Mike Chitty, head of Applied Leadership at the NHS Leadership Academy, shares how its leadership development intervention aims to help Epsom and St Helier NHS Trust improve performance and staff engagement.
The Academy’s Applied Leadership Team offers a range of in-place leadership development offers to enable boards, and networks across the leadership spectrum to deliver their objectives while inspiring and motivating staff. Developing People Improving Care sets out to create five conditions common to high quality, high performing health and care systems – the leadership intervention at Epsom and St Helier is ideally placed to support the condition of compassionate, inclusive and effective leaders at all levels.
The work we’re doing with the trust was designed as a high quality leadership development intervention to help them with performance and staff engagement. This is ongoing work and continues – along with our relationship – to evolve.
The Academy originally met chief executive Daniel Elkeles when he participated in our Newly-appointed chief executive programme. Daniel was keen to improve staff engagement, and in turn, patient care. We discussed the lack of adequate management training to support our high quality leadership development work.
The creation of outstanding development support for leaders at all levels, both on programmes and in-place, is something the Academy is passionate about. In partnership with any organisation or system the Academy can co-design a series of short interventions to develop outstanding managers. These are based on the following equation:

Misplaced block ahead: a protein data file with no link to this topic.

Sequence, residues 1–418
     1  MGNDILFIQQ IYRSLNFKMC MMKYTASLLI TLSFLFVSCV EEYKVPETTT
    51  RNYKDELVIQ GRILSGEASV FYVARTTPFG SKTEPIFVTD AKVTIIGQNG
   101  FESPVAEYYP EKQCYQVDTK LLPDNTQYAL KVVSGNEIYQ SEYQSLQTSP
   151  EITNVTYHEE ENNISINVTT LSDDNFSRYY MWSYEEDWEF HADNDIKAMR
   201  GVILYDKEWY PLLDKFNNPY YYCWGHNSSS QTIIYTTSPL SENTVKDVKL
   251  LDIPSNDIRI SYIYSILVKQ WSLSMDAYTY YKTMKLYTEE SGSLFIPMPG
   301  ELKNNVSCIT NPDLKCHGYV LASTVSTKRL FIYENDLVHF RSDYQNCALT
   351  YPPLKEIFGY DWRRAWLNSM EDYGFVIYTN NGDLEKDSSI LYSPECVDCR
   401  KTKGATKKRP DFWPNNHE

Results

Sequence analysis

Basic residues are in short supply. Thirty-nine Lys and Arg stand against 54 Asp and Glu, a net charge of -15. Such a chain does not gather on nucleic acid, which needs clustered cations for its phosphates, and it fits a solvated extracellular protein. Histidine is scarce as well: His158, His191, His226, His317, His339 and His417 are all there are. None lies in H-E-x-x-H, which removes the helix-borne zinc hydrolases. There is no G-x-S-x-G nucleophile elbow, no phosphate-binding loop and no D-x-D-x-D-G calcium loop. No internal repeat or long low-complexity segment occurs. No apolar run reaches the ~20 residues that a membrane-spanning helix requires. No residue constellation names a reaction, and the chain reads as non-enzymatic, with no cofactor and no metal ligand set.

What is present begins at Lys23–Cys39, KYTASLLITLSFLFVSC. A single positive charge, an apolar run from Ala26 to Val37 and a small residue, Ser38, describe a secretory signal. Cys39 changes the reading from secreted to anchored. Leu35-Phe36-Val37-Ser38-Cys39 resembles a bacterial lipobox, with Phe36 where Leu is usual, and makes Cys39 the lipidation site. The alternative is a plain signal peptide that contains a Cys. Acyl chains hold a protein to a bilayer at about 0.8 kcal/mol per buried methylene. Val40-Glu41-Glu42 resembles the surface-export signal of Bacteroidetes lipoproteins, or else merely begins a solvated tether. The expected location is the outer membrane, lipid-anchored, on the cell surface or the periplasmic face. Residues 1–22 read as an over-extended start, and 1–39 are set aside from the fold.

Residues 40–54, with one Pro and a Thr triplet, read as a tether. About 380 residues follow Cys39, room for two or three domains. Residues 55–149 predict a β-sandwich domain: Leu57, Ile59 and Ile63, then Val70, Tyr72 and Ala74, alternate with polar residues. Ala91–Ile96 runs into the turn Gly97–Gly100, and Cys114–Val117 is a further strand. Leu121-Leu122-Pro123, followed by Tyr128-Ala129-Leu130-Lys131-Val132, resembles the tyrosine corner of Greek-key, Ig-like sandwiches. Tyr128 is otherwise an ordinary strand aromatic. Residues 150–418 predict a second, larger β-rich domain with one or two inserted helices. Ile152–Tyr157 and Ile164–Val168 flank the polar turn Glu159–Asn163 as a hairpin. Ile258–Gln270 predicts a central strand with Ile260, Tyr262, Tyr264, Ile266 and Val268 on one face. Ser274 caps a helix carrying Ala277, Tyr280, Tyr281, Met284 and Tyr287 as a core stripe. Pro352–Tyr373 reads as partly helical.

– Give and get great feedback
– Are a brilliant coach
– Delegate effectively
– Prioritise and manage time effectively
For Epsom and St Helier each of these areas had a two-hour workshop that provides a simple and fiercely practical ‘how to’ guide. The programme is based on a psychological understanding of what people need to feel engaged and secure at work. At its heart – and indeed that of any of the Academy’s interventions – is the unconditional positive regard for all people, and an emphasis on developing behaviours that create ‘value’. The values of the NHS constitution are made explicit and brought into everyday management practices.
The programme has been well-supported by the director of transformation at the Trust – Kevin Croft – who is ensuring that every manager has a realistic span of control and the time to provide this level of outstanding management.
The programme is non-mandatory but each session is attracting about 150 managers from all over the trust. An increase in staff engagement scores is anticipated in areas where learnings from this intervention are applied.
Read more about the work taking place across the health and care system to develop the five conditions that Developing People Improving Care identifies here.